House Votes to Strip Privacy Protections from Broadband Users

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Echoing the Senate vote last week, today the United States House of Representatives voted to permanently strip Americans of common sense privacy and security protections for some of their most sensitive personal information. In a 215-205 vote, the House approved a Congressional Review Act (CRA) measure to reverse the Federal Communications Commission (FCC)’s broadband privacy rules. The measure also prevents the FCC from passing substantially similar rules to protect broadband customers’ privacy in the future.

“Congress voted today to erase basic privacy protections for Americans in favor of the internet service providers’ (ISPs) bottom line,” said CDT Director of Privacy and Data Michelle De Mooy. “ISPs have access to incredibly sensitive information about us, including everything from web browsing and video viewing habits, religious information, sexual preferences, health conditions, and location. Today’s action means they can collect and share some of the most intimate details of our lives without restriction.”

The FCC’s rules also required ISPs to reasonably protect the security of their customers’ data, including notifying them about data breaches. “Security breaches can cause serious financial, reputational and emotional harm,” CDT Policy Analyst Natasha Duarte said. “Without these rules, everyone who uses broadband will face increased risks to their sensitive information—including financial data and information about their children. This reversal will undermine consumer trust in online services.”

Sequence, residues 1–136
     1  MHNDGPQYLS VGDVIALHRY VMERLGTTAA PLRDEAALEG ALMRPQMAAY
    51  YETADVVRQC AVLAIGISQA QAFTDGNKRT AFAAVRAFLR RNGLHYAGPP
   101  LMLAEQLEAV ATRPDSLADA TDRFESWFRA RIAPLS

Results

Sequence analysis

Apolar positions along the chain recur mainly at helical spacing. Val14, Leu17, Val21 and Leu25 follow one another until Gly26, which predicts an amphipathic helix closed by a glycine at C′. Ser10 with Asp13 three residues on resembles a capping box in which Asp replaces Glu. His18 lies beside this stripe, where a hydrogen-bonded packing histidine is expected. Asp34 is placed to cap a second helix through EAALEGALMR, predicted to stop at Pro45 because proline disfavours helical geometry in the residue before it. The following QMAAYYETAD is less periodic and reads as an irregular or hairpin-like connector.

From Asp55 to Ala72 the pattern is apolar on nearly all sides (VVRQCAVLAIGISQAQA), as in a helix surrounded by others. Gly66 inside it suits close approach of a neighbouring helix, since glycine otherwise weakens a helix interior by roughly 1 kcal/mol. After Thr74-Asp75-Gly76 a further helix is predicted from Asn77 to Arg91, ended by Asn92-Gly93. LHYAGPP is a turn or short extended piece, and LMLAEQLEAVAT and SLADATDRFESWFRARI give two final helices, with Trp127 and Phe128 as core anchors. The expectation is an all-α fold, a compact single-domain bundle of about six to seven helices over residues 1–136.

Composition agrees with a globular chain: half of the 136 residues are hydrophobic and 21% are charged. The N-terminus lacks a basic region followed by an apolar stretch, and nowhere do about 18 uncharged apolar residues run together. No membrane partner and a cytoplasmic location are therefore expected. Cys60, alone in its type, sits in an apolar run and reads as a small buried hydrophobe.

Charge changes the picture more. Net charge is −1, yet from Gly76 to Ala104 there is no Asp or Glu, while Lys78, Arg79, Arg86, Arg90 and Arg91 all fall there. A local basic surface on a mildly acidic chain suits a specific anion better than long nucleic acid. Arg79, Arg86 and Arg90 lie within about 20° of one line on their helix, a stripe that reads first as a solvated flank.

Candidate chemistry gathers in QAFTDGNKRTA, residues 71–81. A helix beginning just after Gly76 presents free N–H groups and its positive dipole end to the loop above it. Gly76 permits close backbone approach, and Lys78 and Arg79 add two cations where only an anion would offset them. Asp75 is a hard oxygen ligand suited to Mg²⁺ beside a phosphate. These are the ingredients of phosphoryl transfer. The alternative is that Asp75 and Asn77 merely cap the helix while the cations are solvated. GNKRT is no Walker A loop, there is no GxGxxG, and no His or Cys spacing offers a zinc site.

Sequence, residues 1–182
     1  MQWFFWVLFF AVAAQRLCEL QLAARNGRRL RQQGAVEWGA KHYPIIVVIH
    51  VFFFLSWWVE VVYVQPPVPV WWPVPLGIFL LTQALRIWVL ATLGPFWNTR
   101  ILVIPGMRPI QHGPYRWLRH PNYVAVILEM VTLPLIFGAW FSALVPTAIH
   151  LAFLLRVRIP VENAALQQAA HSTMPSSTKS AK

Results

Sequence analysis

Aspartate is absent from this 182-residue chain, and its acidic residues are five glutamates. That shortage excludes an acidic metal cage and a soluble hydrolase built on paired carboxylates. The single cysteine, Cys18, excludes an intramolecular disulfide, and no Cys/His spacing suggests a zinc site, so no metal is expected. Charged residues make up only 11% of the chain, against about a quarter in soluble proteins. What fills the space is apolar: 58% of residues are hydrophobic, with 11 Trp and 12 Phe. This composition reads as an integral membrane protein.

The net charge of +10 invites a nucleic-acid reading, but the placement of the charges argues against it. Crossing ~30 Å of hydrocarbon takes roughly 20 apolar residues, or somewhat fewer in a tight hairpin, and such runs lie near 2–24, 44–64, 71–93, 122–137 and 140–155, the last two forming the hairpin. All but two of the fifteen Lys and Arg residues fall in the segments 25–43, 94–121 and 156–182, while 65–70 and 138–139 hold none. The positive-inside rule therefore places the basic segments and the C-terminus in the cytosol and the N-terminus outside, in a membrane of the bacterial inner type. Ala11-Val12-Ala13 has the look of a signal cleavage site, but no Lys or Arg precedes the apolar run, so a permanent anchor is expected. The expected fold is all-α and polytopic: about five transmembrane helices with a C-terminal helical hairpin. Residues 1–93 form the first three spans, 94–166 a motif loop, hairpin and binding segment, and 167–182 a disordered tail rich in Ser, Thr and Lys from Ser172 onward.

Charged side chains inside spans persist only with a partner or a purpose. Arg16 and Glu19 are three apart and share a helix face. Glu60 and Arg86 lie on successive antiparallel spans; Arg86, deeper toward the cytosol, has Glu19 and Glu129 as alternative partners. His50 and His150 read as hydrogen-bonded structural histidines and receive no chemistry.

“Broadband customers rely on the FCC to ensure that ISPs protect their personal information,” Duarte said. “The measure approved by the Senate would hamstring the agency’s ability to do this.”

CDT will continue to fight for real digital privacy and security protections for everyone.

For more information about the FCC’s broadband privacy rules, read CDT’s answers to frequently asked questions about the rules. You can also read our opposition to industry groups’ requests for reconsideration of the rules.

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